Belfast Telegraph

Tax breaks 'critical to Ulster's film industry'

By David Elliott

Tax breaks for creative industries could create thousands more jobs and help rebalance the Northern Ireland economy, according to business advisers PwC.

It said the success of Belfast's Titanic Studios in attracting HBO's television drama Game of Thrones and the likes of Universal film Your Highness have already meant the region has a high standing in the eyes of the world's film makers. But more needs to be done to help attract big productions to these shores.

Tax partner at PwC Martin Fleetwood said tax breaks would be the most effective means, particularly given that the Republic already has in place a similar incentive.

"The Irish Film Board's Section 481 tax break offers a tax incentive of up to 28% of the cost of television, film and animation production in RoI, with a ceiling of €50m (£40m)," he said. "That has helped create a sector valued at over €500m, which attracted production spending in Ireland of more than €225m (£180m) alone, in 2010."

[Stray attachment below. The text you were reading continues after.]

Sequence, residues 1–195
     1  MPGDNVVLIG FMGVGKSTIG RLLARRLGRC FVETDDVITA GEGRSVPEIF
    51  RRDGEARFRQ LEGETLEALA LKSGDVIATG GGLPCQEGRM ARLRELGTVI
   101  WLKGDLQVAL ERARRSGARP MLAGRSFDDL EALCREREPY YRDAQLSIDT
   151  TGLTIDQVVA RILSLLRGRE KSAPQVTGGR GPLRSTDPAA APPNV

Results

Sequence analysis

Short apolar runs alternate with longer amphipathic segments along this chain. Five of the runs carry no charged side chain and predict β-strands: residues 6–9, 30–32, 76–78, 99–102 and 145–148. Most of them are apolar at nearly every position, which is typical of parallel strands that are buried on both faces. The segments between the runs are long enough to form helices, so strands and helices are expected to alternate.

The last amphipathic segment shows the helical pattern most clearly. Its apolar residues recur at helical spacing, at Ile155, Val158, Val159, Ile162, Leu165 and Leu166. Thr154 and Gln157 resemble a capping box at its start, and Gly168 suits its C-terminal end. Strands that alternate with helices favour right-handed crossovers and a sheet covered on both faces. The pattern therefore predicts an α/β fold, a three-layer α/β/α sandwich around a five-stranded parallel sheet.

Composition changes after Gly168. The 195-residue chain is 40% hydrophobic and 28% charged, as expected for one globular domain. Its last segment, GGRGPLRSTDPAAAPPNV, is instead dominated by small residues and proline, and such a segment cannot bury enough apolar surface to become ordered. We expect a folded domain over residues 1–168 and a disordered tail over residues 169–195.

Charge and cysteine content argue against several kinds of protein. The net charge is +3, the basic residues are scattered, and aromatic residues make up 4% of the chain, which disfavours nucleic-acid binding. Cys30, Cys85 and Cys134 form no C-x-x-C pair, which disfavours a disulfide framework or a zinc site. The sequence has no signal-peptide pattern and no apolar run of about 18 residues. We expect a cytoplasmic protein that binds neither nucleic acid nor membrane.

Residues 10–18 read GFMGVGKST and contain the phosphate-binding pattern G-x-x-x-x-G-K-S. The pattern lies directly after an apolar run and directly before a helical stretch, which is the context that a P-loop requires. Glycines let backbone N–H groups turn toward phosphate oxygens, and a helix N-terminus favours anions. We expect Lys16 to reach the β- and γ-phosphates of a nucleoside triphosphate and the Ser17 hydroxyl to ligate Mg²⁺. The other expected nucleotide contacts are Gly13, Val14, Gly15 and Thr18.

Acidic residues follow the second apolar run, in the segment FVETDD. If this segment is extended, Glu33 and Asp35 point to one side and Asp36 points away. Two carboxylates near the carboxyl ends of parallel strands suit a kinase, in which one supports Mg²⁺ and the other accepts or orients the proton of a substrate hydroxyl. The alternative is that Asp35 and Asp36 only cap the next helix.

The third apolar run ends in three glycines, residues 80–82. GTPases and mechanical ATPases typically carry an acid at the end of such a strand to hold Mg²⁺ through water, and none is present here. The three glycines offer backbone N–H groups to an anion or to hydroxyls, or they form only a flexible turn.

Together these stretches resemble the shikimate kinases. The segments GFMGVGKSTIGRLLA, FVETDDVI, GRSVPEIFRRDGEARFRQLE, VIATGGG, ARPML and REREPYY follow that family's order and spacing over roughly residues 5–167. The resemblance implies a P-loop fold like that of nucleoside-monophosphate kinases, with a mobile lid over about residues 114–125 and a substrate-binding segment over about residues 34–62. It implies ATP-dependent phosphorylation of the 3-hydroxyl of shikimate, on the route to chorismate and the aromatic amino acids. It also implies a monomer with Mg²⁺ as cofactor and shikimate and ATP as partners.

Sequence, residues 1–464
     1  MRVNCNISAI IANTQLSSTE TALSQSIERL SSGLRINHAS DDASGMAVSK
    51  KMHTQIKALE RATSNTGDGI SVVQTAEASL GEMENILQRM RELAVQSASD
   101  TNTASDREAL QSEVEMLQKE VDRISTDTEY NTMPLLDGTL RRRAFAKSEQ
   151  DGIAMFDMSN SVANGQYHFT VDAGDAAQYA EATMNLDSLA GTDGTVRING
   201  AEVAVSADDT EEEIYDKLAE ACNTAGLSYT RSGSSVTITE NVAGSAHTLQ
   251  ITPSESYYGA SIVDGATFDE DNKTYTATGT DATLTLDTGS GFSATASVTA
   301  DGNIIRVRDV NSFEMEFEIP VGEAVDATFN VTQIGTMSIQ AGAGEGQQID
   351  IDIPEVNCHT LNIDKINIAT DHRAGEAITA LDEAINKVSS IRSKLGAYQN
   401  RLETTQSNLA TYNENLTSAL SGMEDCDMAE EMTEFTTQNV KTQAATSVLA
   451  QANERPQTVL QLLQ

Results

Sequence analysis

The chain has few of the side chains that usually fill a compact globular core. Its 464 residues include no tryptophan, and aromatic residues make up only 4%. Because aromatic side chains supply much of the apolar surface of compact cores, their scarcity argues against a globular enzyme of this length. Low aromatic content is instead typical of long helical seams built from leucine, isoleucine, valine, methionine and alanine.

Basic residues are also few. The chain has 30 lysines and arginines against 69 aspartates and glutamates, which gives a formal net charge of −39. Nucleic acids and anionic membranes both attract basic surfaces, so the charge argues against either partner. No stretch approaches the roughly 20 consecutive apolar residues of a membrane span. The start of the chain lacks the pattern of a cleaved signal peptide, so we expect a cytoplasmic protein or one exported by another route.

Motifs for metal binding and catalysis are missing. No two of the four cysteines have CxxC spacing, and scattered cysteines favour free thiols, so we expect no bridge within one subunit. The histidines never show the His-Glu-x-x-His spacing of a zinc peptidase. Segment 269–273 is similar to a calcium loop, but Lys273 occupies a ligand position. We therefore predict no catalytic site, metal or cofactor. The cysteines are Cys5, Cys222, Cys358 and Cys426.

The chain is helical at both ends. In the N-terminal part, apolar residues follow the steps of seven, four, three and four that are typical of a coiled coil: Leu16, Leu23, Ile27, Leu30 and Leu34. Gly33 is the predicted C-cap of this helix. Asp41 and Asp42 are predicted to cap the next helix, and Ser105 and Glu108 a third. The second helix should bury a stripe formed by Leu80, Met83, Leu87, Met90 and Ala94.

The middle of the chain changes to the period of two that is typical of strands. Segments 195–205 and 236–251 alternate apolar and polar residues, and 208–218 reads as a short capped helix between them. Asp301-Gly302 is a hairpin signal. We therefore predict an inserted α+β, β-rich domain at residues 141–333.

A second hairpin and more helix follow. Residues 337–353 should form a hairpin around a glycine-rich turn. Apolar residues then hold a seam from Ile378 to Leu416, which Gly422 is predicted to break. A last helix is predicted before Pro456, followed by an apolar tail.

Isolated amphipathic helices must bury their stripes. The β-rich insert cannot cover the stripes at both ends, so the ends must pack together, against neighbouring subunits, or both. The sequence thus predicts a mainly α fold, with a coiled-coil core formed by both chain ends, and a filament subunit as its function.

Mr Fleetwood was speaking after the release of an HM Treasury consultation paper looking at the future of the creative industries in the UK .

"If we are looking at ways to diversify and rebalance the economy, film, television and animation production offers Northern Ireland a means to increase its share of an industry already worth £4.5bn a year to the UK.

"Recent research suggests that tax relief for the UK industry could generate £13 for every £1 invested and extending tax reliefs could see Northern Ireland's already established screen and creative sector become a massive wealth creator."

He said that Game of Thrones contributes around £20m per series to the Northern Ireland economy; The Natalie Portman film Your Highness brought in a further £11m to Northern Ireland. A report commissioned in 2010 into the economic contribution of the UK Film Industry concluded that the sector directly employed 36,000 people and has been relatively immune from the impact of the recession.

The report also warned that a growing number of non-EU states were increasing tax breaks to attract film production and that failing to remain competitive in this area could be very damaging.

Around 58% of industry workers are graduates and the industry average wage is £33,700 - well above the national average.